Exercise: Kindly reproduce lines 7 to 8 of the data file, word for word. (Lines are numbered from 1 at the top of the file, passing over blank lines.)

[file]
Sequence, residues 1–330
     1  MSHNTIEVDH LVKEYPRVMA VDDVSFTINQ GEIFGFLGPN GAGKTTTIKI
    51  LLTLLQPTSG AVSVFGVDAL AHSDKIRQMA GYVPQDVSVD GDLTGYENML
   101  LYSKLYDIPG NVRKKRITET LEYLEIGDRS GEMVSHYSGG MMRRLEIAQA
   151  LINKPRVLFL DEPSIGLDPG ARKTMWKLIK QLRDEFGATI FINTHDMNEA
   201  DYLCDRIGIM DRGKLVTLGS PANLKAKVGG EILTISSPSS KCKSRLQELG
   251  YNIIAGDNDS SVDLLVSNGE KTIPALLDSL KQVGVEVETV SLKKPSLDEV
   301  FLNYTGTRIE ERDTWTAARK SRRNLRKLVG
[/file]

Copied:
   251  YNIIAGDNDS SVDLLVSNGE KTIPALLDSL KQVGVEVETV SLKKPSLDEV
   301  FLNYTGTRIE ERDTWTAARK SRRNLRKLVG